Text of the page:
Malawi President commends World Vision for championing effective interventions
Malawi President, Dr. Lazarus Chakwera has commended World Vision for championing youth-centred mindset change and other impactful interventions in the country. In his remarks, the President singled out World Vision's support in the fight against malaria as the organisation has safeguarded nearly 2 million people from malaria in Mangochi, Balaka and Nkhata Bay districts where an Indoor Residual Spray (IRS) project is being implemented.
Female parliamentarians rally behind campaign to end child marriage
In an event held at Chigodi Community Day Secondary School in Lilongwe, parliamentarians including the Speaker of the National Assembly, Catherine Gotani Hara, challenged girls to rise above their fears while also pushing teachers to do their best to give all children a chance. Attired in different school uniforms, reminiscent of their schooling days, the 28 female Members of Parliament (MPs) told children stories of how they overcame adversity to attain their goals.
Waking Our Wonder: Discover our 2020 Annual Report
2020 has been a year of waking our wonder to the great things that God achieved through our lives. Over the course of the year, our work helped safeguard 300,000 children against malaria, provide access to clean water for an additional 90,000 people, and support Savings for Transformation groups within our areas of operation to reach over US$ 2 million in savings. All whilst collaborating and advocating to contain the spread of COVID-19 and protect children during the pandemic.
World Vision urges for uptake of COVID-19 vaccine in Malawi
As an organisation, World Vision believes that the development and introduction of safe vaccines is key to protecting the world's most vulnerable people and restoring hope and livelihoods.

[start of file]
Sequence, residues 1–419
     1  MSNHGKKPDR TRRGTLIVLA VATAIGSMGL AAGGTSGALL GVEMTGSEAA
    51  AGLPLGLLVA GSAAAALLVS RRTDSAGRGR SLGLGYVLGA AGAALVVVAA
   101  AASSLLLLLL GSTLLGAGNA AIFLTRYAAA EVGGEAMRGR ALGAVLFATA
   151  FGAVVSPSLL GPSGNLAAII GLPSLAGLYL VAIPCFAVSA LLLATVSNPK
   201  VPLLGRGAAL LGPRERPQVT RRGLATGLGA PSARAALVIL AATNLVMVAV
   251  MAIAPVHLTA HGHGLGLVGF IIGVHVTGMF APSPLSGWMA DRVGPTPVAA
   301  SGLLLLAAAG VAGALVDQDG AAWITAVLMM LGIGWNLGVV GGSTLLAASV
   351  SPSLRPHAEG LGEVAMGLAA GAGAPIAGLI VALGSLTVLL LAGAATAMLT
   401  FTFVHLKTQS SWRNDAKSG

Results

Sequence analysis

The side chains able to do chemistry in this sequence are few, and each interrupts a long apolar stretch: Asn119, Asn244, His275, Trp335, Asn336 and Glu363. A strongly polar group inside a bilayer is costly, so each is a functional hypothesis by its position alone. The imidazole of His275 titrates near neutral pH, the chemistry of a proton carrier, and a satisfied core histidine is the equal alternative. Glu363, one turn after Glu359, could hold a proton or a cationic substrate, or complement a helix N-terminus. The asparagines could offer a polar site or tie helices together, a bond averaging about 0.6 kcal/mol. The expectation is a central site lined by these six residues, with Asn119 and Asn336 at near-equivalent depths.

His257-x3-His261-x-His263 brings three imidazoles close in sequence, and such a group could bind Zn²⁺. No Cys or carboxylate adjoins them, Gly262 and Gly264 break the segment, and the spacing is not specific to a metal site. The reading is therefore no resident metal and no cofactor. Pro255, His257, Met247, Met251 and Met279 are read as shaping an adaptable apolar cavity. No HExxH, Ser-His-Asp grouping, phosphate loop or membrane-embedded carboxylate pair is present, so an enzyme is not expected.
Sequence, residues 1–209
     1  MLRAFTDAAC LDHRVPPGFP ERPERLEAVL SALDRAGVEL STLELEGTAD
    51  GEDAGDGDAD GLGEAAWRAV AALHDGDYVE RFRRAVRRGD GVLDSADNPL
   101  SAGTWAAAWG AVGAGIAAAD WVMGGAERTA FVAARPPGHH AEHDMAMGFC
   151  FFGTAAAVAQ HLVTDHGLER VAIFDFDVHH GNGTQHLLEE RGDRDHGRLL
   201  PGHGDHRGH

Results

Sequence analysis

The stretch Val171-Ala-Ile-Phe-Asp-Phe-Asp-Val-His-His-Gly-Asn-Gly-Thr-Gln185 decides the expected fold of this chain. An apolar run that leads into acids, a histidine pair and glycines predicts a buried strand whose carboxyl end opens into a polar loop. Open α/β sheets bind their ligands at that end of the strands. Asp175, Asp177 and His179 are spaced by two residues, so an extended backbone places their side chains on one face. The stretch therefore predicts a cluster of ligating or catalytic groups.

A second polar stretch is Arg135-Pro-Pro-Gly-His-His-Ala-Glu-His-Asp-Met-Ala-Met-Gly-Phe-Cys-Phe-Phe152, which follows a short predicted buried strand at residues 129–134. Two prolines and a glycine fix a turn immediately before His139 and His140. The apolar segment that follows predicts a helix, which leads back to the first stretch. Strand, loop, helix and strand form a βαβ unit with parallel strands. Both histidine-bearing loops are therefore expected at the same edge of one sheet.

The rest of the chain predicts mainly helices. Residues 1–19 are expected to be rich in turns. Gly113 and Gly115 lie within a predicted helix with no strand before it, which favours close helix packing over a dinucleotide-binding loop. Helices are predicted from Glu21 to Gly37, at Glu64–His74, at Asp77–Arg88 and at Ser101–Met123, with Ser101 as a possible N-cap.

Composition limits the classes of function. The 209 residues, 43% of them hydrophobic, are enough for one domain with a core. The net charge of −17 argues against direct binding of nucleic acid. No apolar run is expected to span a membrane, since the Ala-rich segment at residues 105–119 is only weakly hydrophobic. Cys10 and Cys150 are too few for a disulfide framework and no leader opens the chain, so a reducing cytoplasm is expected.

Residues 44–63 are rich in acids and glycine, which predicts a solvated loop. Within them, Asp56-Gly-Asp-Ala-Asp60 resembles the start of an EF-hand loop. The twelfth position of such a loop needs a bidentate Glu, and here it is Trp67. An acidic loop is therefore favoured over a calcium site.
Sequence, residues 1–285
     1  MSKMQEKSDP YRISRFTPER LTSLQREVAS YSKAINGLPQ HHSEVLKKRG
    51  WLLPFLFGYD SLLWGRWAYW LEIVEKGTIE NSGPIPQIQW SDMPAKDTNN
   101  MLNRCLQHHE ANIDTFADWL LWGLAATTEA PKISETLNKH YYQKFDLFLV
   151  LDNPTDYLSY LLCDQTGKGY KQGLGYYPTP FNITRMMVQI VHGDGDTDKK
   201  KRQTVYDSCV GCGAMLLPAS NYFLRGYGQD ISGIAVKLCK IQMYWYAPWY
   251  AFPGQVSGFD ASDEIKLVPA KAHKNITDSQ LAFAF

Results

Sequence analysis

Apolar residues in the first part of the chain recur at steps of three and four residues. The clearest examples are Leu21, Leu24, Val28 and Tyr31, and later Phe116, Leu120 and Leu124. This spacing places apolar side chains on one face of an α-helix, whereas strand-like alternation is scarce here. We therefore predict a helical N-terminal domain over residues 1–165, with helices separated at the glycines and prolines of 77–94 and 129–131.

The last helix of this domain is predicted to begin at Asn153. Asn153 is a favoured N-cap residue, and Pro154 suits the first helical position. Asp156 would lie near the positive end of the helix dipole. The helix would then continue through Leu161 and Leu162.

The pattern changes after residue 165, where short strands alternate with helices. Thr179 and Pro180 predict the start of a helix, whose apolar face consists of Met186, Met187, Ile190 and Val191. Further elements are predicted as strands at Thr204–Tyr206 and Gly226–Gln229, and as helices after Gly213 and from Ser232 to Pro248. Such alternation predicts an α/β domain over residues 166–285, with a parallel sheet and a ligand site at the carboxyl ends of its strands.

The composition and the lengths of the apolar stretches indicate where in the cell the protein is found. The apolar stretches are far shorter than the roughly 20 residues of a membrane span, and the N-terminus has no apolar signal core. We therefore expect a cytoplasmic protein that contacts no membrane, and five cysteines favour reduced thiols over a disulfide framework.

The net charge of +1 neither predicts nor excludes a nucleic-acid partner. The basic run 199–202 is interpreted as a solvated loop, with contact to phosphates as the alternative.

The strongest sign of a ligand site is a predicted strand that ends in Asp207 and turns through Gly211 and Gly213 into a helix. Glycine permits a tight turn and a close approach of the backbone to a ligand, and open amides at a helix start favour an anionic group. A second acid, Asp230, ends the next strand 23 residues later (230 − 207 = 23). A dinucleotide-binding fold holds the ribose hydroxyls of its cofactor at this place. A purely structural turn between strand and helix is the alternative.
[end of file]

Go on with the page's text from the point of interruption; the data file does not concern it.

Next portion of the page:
At a recent event attended by councillors, traditional leaders, civil society groups and the media in Ntcheu, World Vision encouraged uptake of the vaccine in order to give their villages a chance of building back and improving children’s lives.
Millions safe from malaria thanks to indoor residual spray project
Nearly 3 million people from Mangochi, Balaka and Nkhata Bay are safe from malaria. This follows a successful Indoor Residual Spray (IRS) project by World Vision and the Ministry of Health, informed by a review of malaria prevention interventions organised by World Vision and the Malawi Ministry of Health.
COVID-19 in Malawi: Responding through a multi-sectoral approach
World Vision is responding to COVID-19 across its operation areas in Malawi through activities focused on awareness and prevention, in collaboration with local authorities and partners, frontline health workers, faith leaders, communities, and other partners. Through a multi-sectoral approach, our overall response goal is to limit the spread of COVID-19 and reduce its impact on vulnerable children and families.
Children in Malawi face several obstacles including poverty, high levels people living with HIV and AIDS and frequent exposure to Malaria. Additionally, with climate change, worsened by deforestation, Malawi has become prone to disasters, leaving an already poor population much poorer.
This landlocked country, is bordered by Zambia, Mozambique and Tanzania. Since 1994, Malawi has been a democracy and held elections. However, the economy has not grown fast enough to lift people out of poverty.
Our teams have been working in Malawi since 1982. We partner with local actors and the Government to improve the well- being of children, especially the children and the most vulnerable.
Surviving a pandemic: How are children in Malawi coping under the new normal?
COVID-19 poses a grave threat to children in Africa and the rest of the world, both because of the severity of the disease, and its secondary impacts.
Hear from 10-year-old Vanessa from Malawi on how the pandemic has changed life in her community.
Highlights of our work with partners to transform vulnerable children's life stories
It takes Malawi
Child marriage is an evil and a crime. It pushes children, especially girls, into poverty and sometimes death. It can and must be stopped.